Sometimes the small innovations can make a big difference, the little time saving devices that make life just that little bit better.
Combining products together has not always lead to great success, the calculator watch of the 80’s, not a good combination. The Internet fridge, well it hasn’t really gone pass concept stage. In this situation it was worth the risk.
I was recently given a HybridSeries 8GB thumb drive case from Mobilezap to review, while at first a little skeptical about combining a phone cover and USB I have come to like my new cover.
Even as more and more services are moving to the cloud I still have the need for a USB drive, the drive has come in handy over the past couple of weeks. It is not until you have the USB with you all the time you realize how often you need it.
The biggest advantage of combing your phone cover and USB is that you make sure that you always get the USB back. I am sure there is a big pile of lost USB sticks somewhere close to the big pile of lost pens.
The one thing you never quite know when purchasing items online is the feel of the product. The feel of the cover is the most important attribute of a phone cover, in this case the case feels great, as good as any other case I have owned.
If you are looking for a new iPhone cover for your series 5 or 5S then I suggest you look at the Mobilezapp Hybrid 8GB thumb drive case.
Author: +Richard Brock
Before I was given my Jawbone Up, I had and still use MapMyRun. This simple to use iPhone app tracks the distance I ran, where I ran and compares times to other people running the same route.
When I was looking for a running app there were three features I used for a comparison
1. Acurate measurement of distance;
2. Help pace my run; and
3. Allow me to compare my run to others.
Distance – How far was that run?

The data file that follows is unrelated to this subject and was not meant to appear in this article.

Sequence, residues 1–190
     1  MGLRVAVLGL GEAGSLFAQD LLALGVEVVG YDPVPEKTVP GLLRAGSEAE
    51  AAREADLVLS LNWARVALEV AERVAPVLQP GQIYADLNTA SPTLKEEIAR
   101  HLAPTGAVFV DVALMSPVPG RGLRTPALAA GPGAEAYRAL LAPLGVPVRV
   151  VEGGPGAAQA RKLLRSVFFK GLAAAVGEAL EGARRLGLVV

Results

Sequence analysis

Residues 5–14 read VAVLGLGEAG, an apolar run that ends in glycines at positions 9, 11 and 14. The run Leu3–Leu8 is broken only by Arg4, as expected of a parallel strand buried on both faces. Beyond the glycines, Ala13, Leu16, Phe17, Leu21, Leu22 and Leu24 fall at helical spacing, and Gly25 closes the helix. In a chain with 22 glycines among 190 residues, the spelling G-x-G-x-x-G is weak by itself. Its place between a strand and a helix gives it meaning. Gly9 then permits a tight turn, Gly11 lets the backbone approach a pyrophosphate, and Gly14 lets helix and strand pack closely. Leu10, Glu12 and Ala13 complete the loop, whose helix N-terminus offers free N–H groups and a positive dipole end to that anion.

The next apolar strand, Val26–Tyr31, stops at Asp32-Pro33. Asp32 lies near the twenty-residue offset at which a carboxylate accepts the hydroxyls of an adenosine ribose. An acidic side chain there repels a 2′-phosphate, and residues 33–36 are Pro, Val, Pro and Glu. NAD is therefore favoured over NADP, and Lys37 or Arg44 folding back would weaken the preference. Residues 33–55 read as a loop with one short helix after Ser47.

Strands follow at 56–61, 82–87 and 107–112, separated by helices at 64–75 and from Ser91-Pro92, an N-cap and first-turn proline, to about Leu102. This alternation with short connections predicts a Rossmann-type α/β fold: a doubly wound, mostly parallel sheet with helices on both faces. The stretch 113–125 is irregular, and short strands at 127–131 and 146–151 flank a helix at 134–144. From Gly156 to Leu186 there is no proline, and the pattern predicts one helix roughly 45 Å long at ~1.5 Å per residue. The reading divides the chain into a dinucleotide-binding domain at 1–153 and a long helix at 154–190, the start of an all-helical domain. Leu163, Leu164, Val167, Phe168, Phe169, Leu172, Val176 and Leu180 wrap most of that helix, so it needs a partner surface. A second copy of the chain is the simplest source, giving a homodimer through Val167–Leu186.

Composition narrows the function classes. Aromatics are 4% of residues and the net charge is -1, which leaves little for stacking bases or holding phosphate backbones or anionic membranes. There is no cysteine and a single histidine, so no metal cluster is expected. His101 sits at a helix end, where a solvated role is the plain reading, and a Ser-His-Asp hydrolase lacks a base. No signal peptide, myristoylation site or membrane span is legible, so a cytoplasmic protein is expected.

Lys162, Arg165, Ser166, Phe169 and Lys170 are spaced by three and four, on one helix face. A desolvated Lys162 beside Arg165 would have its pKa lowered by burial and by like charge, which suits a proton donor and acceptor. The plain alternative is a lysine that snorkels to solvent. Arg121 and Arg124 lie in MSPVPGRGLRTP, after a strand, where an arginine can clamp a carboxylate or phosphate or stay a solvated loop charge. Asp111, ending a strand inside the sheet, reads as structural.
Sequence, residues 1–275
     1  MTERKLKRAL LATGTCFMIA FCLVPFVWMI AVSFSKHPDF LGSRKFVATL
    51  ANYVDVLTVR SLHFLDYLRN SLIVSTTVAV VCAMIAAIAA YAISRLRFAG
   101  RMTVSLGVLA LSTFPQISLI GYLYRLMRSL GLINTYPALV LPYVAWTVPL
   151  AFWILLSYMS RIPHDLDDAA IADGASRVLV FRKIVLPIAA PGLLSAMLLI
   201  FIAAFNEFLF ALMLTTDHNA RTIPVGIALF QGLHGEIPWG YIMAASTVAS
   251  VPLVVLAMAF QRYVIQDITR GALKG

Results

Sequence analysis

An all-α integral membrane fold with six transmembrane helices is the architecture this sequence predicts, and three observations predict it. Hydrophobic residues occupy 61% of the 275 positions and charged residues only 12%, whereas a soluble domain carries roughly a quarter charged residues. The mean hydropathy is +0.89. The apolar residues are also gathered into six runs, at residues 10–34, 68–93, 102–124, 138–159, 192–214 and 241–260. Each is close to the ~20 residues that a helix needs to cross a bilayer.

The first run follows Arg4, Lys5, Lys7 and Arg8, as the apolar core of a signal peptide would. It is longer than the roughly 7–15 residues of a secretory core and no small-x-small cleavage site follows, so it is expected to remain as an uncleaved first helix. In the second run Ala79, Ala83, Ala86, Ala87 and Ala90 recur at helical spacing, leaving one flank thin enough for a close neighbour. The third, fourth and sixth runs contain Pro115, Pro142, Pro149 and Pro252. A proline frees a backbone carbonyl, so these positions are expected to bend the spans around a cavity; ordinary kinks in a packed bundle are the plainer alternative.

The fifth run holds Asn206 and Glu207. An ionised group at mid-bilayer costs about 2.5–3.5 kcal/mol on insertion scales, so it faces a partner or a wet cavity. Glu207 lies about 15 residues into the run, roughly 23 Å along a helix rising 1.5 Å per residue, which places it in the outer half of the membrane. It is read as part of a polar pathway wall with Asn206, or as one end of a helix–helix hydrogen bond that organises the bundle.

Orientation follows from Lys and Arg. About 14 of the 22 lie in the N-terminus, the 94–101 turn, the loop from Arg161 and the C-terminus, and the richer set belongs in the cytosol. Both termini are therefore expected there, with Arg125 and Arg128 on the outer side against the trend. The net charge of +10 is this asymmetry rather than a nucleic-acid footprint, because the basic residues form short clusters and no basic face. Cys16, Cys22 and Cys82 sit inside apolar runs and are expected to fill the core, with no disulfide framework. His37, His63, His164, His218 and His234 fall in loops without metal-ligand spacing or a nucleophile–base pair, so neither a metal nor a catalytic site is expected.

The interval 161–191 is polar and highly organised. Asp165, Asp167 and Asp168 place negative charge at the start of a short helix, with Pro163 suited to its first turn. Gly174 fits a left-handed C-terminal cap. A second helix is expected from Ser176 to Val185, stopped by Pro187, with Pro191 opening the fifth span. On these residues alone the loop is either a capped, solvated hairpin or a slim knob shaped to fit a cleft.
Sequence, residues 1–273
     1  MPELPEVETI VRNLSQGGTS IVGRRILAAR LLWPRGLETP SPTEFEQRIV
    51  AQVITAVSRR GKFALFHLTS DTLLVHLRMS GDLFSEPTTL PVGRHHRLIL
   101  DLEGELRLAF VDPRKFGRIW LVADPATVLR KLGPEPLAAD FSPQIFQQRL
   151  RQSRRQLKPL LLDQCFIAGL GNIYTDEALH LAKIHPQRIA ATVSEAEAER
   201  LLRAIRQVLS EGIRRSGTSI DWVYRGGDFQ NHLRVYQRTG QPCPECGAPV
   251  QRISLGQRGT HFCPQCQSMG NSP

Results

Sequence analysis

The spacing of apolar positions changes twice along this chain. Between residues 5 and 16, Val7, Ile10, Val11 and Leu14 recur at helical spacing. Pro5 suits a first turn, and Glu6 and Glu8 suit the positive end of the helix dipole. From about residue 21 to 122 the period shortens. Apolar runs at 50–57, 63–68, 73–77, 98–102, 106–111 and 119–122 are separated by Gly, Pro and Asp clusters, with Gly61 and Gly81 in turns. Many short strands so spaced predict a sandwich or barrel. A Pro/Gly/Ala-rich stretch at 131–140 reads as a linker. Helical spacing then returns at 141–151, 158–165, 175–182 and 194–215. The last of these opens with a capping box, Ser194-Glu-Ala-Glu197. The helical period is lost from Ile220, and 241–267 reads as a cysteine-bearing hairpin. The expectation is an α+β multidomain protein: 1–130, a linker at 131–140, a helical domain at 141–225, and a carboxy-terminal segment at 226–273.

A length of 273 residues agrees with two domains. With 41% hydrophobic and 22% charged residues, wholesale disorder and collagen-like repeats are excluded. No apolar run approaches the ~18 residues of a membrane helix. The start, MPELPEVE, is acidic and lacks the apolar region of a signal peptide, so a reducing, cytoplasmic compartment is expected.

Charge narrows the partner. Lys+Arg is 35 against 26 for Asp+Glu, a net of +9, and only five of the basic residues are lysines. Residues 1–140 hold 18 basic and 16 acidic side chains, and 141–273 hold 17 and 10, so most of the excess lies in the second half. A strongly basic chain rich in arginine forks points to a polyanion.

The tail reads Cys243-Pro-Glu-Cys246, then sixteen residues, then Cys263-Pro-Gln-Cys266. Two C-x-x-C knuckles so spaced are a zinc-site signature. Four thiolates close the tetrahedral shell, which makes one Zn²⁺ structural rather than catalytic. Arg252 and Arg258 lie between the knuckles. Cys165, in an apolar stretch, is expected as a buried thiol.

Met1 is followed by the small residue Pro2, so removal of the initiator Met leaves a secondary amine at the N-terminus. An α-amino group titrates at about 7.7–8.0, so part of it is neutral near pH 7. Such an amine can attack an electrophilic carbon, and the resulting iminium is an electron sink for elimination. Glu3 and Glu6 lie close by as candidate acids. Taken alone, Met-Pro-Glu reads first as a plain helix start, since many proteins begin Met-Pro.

When you haven’t run for a while you have a pretty good idea of the distance you have run, it is like an added sense you acquire. MapMyRun helps me confirm and fine tune this sense of distance I have acquired over the years.
I flirted with the younger, sexier looking RunKeeper for a while but I continue to use MayMyRun as I find it more accurate than Run Keeper.
When running some comparison tests of MayMyRun, RunKeeper and Jawbone Up, I found that MapMyRun and Jawbone Up were producing similar results while RunKeeper regularly doubled the distance over the same course. MapMyRun does have the odd “bad hair day” but far less than Run Keeper.
MayMyRun and my Jawbone Up complement each other; MapMyRun gives more details while running while the Jawbone Up provides a better data on my overall daily effort. It is great going for a run in the morning but you need to ensure you keep active through the day, I have become a believer in the 10,000 steps a day philosophy.
Help me pace my run
MapMyRun allows me to pace my run, providing updates throughout the run. I use a 5 minute split time to ensure I am keeping a good pace and ensure I do not stay out on my run too long. It is hard to run too long in Singapore without lots of water.
Compare not share my performance
I mostly run by myself, I have found few people that want to run before 6am in the morning and I don’t want to wait for anyone that early in the morning. MapMyRun is my running partner.
The course feature within the service allows me to pace myself against others and myself. I do like that your run is broken down into sections and shows how your run compares to others on a short part of your run. It is good to see a bit of gamification in action.
It maybe my circle of friends but I have not found a lot of people within my contacts list using MapMyRun, Jawbone Up or RunKeeper. If you use MayMyRun or Jawbone Up it would be great to connect with you.
The MayMyRun Interface – in need of a little love
The MapMyRun interface is a little sad and dated and it’s annoying that all the functionality is not available from within the mobile app. It would be nice if they could invest just a little in improving the UX.
It would be good to see them add weight goals into their service, like RunKeeper does. Many people run to lose weight and so this is often a more important goal at first than distance and pace goals.
At this stage I use the free version of MapMyRun, I am not in the app enough for the ads to annoy me and don’t see any value in their MPV services.
If you are just starting running, MapMyRun provides the ideal running partner to accompany you on your training sessions. It is a little ugly but accurate. Happy running.
Author: +Richard Brock
Does technology emerge in one-off revolutionary changes or smaller incremental iterations? I personally think Darwin got it right; it’s all about evolution.
Another way to look at the question is, were the changes created by Apple, aka Steve Jobs, over the past decade revolutionary or part of an evolutionary cycle that were going to be developed anyway? Was Steve Jobs just better at articulating these environmental changes into products?